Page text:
"Astronomers have long held that it is probable that the heavenly bodies are inhabited -- even the comets -- and it may be that the meteors are also. Meteors could be used as a conveyance by the inhabitants of other planets in exploring space, and it may be that hereafter some future Colombus, from Mercury or Uranus, may land on this planet by means of a meteoric conveyance, and take possession thereof -- as did the Spanish navigators of the New World in 1492, and eventually drive what is known as the "human race" into a condition of the most abject servitude. There must be a race superior to us, and this may at some future time be demonstrated in the manner we have indicated."
Deciphering the Democrat
What are we to make of this article in light of what we know in the late twentieth century? Nineteenth-century accounts of UFO crashes are not unknown, but many of the details suggest hoaxes or tall tales. On June 6, 1884, the Nebraska Nugget published a story of a cylindrical object that crashed on the prairie and left bits of machinery and gear wheels behind, glowing from the heat. Former FATE editor and author Jerome Clark believes this to be a hoax, and I tend to agree. The tip-off appears to be the reference to "gear wheels," which is a typical example of the Victorian fascination with machinery.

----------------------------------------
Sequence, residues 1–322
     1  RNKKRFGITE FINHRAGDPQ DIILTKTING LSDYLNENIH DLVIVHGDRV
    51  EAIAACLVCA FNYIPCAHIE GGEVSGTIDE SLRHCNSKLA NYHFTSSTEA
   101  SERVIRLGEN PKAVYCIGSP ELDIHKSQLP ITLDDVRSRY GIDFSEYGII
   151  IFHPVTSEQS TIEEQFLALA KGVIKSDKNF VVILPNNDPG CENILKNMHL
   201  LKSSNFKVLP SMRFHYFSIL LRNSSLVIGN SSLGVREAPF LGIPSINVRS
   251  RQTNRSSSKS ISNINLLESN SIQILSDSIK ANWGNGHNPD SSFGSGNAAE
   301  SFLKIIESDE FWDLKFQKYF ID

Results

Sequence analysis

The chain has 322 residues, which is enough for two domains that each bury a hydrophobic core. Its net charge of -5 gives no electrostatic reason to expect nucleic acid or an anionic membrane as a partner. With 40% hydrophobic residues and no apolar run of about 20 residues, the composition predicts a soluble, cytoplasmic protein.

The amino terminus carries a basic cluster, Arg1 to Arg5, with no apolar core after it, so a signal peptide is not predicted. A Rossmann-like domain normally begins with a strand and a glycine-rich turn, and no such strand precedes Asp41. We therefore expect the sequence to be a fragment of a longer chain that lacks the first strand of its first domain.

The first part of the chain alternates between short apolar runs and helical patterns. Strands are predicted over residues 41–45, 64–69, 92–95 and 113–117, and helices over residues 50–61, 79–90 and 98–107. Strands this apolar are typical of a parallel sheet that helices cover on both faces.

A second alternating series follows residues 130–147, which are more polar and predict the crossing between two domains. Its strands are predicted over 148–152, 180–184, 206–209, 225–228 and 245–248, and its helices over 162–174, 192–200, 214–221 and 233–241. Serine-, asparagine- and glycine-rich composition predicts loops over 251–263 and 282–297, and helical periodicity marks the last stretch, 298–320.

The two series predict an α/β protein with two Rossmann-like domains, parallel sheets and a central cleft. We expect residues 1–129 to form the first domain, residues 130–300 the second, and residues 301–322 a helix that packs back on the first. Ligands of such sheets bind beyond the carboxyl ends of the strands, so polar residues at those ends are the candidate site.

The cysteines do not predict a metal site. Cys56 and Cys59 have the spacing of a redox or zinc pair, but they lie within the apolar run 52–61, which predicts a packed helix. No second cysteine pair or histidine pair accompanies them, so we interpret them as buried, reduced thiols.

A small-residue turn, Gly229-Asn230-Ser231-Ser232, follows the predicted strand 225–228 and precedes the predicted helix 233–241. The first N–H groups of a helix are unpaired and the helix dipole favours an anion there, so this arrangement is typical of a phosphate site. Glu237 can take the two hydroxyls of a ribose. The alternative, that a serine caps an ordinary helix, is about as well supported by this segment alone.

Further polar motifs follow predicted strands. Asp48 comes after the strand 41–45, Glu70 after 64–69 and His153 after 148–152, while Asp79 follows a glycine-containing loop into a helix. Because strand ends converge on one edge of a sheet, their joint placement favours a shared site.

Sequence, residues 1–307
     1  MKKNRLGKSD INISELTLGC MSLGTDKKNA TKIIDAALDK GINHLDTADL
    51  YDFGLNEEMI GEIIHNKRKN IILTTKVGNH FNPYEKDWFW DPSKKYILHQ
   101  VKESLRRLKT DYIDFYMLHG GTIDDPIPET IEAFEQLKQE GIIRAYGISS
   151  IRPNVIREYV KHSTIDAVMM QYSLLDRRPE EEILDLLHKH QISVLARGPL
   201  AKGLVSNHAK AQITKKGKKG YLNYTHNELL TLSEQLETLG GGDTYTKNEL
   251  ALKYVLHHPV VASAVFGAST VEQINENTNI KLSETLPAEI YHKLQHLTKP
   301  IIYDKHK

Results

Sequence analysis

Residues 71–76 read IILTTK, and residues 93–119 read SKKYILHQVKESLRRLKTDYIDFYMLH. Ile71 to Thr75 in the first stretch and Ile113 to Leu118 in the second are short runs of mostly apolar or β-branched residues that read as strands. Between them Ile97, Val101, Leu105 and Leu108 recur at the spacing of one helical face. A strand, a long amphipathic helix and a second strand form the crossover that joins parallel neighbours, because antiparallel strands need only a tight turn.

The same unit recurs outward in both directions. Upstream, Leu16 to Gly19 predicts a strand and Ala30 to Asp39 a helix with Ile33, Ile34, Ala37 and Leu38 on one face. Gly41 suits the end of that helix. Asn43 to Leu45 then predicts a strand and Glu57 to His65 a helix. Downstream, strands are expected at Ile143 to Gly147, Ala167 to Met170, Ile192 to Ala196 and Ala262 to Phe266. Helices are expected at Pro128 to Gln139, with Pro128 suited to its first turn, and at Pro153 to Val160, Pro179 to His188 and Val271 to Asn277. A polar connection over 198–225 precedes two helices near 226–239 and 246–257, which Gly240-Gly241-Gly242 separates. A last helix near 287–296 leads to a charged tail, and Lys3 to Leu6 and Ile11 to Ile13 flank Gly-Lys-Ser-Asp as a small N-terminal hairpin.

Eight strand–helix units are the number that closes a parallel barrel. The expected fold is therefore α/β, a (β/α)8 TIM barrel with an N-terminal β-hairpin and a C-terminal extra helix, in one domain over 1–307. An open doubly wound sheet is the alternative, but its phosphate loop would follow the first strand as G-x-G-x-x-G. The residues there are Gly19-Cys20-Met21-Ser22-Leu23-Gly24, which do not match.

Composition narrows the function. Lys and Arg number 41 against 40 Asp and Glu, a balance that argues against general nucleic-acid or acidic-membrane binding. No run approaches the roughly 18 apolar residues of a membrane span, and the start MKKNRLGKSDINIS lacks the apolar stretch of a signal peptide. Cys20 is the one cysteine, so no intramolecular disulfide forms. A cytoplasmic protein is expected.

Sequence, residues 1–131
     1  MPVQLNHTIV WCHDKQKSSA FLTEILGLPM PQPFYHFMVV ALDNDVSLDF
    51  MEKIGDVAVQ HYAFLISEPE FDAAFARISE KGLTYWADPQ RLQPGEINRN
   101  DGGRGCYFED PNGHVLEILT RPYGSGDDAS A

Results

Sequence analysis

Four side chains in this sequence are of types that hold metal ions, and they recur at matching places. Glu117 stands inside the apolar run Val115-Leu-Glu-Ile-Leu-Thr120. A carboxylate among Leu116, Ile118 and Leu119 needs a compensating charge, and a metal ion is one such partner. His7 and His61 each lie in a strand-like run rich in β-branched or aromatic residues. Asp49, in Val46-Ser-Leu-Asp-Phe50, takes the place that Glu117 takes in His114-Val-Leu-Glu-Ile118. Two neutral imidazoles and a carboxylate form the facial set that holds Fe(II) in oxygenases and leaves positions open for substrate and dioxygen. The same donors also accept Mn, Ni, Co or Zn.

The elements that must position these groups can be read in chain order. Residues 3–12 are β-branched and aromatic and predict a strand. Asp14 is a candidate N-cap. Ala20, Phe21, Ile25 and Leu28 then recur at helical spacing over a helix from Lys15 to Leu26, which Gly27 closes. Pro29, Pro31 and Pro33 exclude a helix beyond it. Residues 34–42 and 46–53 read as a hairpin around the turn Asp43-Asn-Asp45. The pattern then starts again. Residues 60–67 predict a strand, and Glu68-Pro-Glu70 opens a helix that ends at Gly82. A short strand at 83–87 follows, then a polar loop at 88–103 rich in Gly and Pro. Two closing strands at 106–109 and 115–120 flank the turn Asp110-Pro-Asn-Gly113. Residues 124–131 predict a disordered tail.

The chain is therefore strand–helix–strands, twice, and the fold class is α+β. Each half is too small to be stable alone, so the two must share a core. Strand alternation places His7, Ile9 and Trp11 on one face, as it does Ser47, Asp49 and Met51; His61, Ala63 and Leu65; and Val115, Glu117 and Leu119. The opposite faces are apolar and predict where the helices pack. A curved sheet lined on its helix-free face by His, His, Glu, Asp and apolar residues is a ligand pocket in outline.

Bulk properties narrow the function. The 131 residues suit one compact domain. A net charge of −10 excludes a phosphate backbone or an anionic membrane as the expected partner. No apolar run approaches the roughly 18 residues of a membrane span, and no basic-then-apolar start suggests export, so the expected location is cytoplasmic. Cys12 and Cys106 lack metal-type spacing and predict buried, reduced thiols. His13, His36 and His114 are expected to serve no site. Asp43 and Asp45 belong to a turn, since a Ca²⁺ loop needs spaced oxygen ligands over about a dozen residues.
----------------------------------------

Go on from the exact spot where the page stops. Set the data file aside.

Another famous crash (or infamous, depending on your point of view) is the Aurora, Texas, incident of April 17, 1897. Supposedly, an airship containing a lone occupant flew over the town and hit a windmill on the property of one judge Proctor. Though widely believed to be a concocted story, there are some people who feel an unusual event did occur. The remains of the pilot were said to have been buried in the local cemetery and marked with a stone. A recent book, Alien Agenda, by Jim Marrs discusses some interesting points about the case and even contains a photograph of the grave marker, which vanished in the 1970s.
I searched for contemporary references to either of these incidents and found absolutely nothing. So, why do I believe the Niagara Mail and Kingston Whig articles are authentic? First of all, they are so old. Lee had surrendered to General Grant at Appatomatox and Lincoln had been assassinated barely six months earlier. Jules Verne had yet to write From the Earth to the Moon, and Europe was still ruled by monarchs. Nothing was known about how the forces of re-entry would blacken and char any space vehicle. In fact, the only method of air transportation was the hot air balloon. I was a little chagrined to note that the name of the witness was "Lumley." This was a little too close to the "William Loosley" fraud, perpetrated by British physicist David Langford in 1979. In her book UFO Retrievals, British author Jenny Randles exposed the story as a spoof. Even Langford, in an article in Fortean Times, admits the story he dreamed up has developed a life of its own.